In our study, urinary porphyrin concentrations were examined in children 8–18 years-old, with and without dental amalgam fillings, from a reanalysis of data collected from a completed clinical trial (the parent study) that was designed to evaluate the potential health consequences of prolonged exposure to Hg from dental amalgam fillings (DeRouen et al. 2006). Our study is designed to determine whether there was a significant dose-dependent correlation between increasing Hg exposure from dental amalgams and specific urinary porphyrins associated with Hg body-burden.
Our study, in contrast to the published results of the parent study, found that the characteristic pattern of porphyria associated with Hg body- burden, specifically, elevated 5cxP, PrcP, and cP were significantly correlated with dental amalgam exposure in a dose dependent fashion. The higher level of Hg amalgams exposure resulted in higher levels of Hg-associated porphyrins. Further, consistent with previous studies that examined Hg exposure using porphyrins, the non- Hg-associated porphyrins showed no statistically significant relationship with amalgam exposure. As a result, this study helps to further establish the utility of urinary porphyrins as a biomarker of low-level Hg body-burden.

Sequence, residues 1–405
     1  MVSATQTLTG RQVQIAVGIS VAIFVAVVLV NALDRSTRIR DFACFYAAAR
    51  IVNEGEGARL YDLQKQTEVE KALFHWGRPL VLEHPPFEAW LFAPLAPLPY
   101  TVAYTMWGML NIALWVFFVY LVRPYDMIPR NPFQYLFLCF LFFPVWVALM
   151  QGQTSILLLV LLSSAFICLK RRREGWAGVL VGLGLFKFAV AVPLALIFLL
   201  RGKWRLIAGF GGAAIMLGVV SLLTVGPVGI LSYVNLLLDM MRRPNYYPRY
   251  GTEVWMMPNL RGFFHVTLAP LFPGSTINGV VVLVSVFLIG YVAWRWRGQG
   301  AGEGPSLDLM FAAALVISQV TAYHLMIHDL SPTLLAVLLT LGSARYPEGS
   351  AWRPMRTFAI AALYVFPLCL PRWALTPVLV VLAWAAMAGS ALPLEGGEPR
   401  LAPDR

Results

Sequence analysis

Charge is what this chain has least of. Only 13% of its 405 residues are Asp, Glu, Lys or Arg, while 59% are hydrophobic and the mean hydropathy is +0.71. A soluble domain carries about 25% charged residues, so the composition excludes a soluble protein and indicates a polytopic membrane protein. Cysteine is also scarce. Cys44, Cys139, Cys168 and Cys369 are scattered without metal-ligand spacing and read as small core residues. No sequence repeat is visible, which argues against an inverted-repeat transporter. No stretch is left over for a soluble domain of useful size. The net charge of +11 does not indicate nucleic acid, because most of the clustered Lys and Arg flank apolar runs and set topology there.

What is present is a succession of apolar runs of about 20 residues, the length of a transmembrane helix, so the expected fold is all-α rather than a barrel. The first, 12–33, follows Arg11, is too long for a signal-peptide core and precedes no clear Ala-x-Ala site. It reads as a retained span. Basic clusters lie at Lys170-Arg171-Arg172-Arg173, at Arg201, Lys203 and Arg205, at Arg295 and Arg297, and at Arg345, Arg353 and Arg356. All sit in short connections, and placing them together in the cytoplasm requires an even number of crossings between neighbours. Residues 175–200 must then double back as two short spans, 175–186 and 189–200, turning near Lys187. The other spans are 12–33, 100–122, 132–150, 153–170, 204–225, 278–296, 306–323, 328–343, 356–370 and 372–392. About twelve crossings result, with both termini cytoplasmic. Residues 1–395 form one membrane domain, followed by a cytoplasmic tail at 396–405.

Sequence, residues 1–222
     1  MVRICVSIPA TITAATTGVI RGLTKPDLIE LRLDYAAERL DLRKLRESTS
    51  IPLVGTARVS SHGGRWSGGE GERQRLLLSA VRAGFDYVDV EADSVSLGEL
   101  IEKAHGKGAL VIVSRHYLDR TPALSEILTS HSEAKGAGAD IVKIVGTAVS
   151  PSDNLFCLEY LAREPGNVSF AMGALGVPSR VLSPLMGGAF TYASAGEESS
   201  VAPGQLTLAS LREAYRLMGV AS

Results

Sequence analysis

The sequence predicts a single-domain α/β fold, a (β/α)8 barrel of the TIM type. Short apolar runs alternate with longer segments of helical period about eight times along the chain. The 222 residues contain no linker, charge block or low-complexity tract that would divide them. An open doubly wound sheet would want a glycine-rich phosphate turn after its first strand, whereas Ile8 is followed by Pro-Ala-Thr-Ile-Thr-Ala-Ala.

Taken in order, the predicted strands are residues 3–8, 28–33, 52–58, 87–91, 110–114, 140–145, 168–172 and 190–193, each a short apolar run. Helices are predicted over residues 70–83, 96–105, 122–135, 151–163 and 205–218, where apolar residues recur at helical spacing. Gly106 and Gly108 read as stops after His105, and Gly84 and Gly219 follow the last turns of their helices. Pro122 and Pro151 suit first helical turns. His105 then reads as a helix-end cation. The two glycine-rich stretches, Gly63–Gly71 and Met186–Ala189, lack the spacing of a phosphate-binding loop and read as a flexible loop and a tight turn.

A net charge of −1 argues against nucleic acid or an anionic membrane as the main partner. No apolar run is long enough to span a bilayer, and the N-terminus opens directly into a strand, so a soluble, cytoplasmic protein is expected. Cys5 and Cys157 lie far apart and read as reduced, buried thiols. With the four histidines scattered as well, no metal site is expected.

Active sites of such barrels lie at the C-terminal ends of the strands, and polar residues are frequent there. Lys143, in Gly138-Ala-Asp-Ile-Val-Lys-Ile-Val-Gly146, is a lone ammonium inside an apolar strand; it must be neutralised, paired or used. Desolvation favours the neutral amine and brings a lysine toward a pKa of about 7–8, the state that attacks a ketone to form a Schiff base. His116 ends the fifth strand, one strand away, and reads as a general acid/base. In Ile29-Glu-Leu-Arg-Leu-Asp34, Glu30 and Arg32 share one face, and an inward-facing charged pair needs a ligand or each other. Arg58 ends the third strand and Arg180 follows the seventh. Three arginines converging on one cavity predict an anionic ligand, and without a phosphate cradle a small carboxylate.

In addition, the relative 5–10% increases in the Hg-associated porphyrins observed over the 8 year course of the present study, suggest that dental amalgams for the average individual do not cause a significant acute exposure to Hg, but instead represent a significant life-long source of chronic exposure to Hg, with a continuing impact on increasing Hg body-burden.
It is of theoretical concern from extrapolation of our results that over the course of a life- time of 70 years, the contribution to Hg bodyburden from dental amalgams may eventually result in elevations in urinary porphyrins similar to those observed in individuals with diagnosed neurological conditions associated with Hg intoxication, and hence result in Hg body-burden levels associated with Hg toxicity. As a result, in any study of dental amalgam safety, a follow-up period of decades would be advisable in order to determine accurately the actual long-term pathological adverse effects amalgam may induce, even in initially healthy individuals.